• Friday, December 4, 2020

We just want to let you know that over the next couple of days, we will be upgrading our production servers to the latest cPanel.

This upgrade comes with a couple of important changes that we want to share with you.


1.WordPress Toolkit

wordpress toolkit UI


The latest version of cPanel brought with it a tool that enables you to install, configure, secure & manage all WordPress websites from one interface.

Previously, managing WordPress is something you do with Softaculous WordPress Manager or cPanel WordPress Manager.

The WordPress® Manager has been obsoleted in favor of cPanel WordPress Toolkit located at the Application section of cPanel.

When the upgrades are completed, cPanel will import all WordPress installations into WordPress Toolkit.

Softaculous WordPress Manager still remains for now and you may need to decide on which tool to use to manage your WordPress installations.

Please note the wp-cron.php is disabled on all new WordPress installations.

You will need to use cPanel cron when you install WordPress using cPanel WordPress Toolkit.


To do that, edit your wp.config.php file by selecting it and clicking to view and edit.

You should see some text relating to your specific installation:


define(‘DB_CHARSET’, ‘utf8’);


Underneath that text, simply add the following line:


define( ‘DISABLE_WP_CRON’, true );


Once you have made this change, log in to cPanel and visit the Advanced section.

Click Cron jobs.

Under Cron Email, type the e-mail address that you want to receive notifications, and then click Update Email. Every time the cron job runs, the e-mail account will receive a message.

If you do not want to receive e-mail notifications for the cron job, you can append >/dev/null 2>&1 to the command, which redirects all output to /dev/null.

Under Add New Cron Job, in the Common Settings list box, select Twice an hour.

You can run cron jobs a maximum of every 15 minutes on shared and reseller accounts.

A 30-minute interval for the WordPress cron job should be more than sufficient.

In the Command text box, type in PHP command example:


cd /home/$userName/public_html; php -q wp-cron.php


(**replace "$userName" with your account's username keeping in mind that the /home/$userName/public_html path would be for a primary domain> If you're using an addon domain, or have WordPress installed in a sub-directory you'll want to be sure to update your path.**)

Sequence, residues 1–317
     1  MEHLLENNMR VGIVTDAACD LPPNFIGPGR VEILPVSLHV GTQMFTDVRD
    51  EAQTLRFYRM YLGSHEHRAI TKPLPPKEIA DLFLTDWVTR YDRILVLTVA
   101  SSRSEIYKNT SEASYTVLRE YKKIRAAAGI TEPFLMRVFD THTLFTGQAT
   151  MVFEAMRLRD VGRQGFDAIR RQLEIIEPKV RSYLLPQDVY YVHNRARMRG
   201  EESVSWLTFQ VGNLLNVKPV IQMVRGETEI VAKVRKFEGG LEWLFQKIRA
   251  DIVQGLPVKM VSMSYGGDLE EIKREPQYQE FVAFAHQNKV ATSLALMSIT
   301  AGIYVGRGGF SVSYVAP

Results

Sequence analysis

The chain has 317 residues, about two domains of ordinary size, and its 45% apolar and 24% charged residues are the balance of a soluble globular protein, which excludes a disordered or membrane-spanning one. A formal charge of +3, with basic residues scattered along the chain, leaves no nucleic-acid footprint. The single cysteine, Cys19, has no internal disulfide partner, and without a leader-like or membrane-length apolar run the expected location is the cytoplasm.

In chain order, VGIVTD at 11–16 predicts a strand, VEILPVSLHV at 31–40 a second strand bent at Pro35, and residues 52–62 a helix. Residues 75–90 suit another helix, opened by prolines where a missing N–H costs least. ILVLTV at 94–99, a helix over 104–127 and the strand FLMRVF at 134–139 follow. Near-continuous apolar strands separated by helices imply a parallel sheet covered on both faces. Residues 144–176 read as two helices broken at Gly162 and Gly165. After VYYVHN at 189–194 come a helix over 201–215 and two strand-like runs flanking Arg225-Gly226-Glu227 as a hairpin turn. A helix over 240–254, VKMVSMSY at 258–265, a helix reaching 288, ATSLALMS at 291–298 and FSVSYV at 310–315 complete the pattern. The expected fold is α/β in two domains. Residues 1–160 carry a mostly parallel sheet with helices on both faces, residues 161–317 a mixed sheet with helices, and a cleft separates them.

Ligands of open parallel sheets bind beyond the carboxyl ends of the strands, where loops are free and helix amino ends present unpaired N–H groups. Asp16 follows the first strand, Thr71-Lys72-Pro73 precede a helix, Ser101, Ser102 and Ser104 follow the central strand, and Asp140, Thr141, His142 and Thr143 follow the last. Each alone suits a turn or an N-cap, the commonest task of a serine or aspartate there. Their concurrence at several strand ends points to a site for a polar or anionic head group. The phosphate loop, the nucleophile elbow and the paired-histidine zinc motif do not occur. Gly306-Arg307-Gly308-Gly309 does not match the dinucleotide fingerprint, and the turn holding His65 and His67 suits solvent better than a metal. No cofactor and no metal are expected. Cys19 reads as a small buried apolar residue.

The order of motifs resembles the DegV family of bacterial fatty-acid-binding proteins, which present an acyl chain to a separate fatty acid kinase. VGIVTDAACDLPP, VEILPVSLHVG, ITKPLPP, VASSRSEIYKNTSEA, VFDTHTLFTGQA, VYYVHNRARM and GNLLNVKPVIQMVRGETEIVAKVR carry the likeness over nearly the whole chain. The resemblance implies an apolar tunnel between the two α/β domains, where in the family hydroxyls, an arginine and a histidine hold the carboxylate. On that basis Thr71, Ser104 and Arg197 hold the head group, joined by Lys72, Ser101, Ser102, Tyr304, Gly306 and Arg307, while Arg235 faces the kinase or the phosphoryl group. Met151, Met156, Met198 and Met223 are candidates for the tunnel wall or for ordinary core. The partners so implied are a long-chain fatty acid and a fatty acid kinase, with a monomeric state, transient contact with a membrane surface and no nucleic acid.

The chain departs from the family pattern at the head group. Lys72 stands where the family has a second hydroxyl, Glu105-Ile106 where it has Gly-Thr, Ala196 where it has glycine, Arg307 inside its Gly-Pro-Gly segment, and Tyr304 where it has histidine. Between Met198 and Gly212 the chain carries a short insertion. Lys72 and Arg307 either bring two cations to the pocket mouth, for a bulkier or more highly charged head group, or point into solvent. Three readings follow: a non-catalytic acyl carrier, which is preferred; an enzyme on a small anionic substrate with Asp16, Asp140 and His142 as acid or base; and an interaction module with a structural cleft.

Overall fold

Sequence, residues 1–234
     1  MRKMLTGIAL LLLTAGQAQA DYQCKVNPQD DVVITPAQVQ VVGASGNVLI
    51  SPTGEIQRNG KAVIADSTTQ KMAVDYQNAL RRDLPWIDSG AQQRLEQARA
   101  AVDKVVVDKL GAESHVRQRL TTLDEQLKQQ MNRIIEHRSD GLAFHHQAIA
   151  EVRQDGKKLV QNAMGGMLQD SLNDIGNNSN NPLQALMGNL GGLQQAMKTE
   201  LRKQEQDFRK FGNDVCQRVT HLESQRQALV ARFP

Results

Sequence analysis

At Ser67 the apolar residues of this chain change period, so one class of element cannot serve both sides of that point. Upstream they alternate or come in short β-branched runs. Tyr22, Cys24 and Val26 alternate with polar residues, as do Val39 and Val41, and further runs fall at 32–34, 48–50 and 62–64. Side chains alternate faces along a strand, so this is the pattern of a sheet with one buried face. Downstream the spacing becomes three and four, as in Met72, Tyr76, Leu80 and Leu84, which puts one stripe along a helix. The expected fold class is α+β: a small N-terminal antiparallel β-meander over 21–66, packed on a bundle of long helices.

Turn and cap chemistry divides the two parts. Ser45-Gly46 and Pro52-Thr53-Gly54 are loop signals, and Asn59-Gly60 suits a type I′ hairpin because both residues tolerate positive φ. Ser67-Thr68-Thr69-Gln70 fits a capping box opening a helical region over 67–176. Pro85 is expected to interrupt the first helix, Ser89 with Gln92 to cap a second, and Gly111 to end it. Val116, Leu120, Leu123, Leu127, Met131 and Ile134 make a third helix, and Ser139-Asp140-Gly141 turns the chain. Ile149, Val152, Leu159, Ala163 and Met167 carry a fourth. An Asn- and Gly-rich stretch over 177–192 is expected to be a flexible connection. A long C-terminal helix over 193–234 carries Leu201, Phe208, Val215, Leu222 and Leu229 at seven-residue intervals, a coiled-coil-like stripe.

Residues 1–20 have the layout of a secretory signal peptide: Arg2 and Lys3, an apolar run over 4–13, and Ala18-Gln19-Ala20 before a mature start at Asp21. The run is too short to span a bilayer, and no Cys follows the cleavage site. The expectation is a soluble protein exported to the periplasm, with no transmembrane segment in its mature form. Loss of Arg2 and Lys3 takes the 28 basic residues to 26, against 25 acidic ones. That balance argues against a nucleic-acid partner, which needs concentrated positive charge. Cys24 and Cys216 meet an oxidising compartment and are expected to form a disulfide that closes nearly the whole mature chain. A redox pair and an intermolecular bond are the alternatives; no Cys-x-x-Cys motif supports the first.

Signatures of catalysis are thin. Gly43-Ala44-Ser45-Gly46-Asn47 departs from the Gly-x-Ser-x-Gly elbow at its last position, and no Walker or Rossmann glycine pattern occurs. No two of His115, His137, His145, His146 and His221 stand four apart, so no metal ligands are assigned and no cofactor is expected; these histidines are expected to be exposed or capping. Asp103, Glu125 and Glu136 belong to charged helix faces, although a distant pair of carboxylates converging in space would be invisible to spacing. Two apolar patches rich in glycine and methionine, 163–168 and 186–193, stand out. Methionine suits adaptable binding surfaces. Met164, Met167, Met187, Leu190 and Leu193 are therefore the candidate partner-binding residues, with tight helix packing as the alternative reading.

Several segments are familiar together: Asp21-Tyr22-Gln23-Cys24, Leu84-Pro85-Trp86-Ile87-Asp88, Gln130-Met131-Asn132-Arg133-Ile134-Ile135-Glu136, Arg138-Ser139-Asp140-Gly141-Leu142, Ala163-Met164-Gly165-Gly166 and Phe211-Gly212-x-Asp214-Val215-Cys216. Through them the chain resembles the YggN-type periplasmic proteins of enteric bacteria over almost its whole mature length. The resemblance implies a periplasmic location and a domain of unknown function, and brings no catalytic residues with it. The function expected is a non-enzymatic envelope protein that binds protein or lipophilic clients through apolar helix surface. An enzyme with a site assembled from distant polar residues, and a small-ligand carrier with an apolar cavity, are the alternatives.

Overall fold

Click Add New Cron Job.

The new cron job settings take effect immediately.


You can also use tools such as these below to create a cron job:


To recap:

Turn off any existing wp-cron.php tasks by adding define(‘DISABLE_WP_CRON’, ‘true’); to your wp.config.php.

Set up a manual cron job via the cPanel control panel.



2. PHP 8.0 and 7.3 End Of Life

As PHP 8.0 has been released for general availability on 26 Nov 2020, we will be making the version available on all production servers.

Each version of PHP has a life cycle of 2 years from its official release (stable version).

So on the same note, PHP 7.3 end of life (EOL) has been scheduled for 06 December 2021 (more information regarding PHP supported versions can be found at https://www.php.net/supported-versions.php).

This change may not immediately impact any hosting environment but we will be removing PHP 7.3 from our production servers on December 30th, 2021, and v7.4. will become the native version on all production machines.

We urge customers using this version of PHP to start thinking about upgrading their applications to use the latest version of PHP in order to take advantage of all these features and still have a better quality of security.

If you would prefer not to run either 7.4 or 8.0, please consider using the package at https://www.ordercloudserver.com/store/old-php-hosting

Customers using our HardenedPHP packages are not affected by this.


Thank you for your continued support and have a wonderful weekend.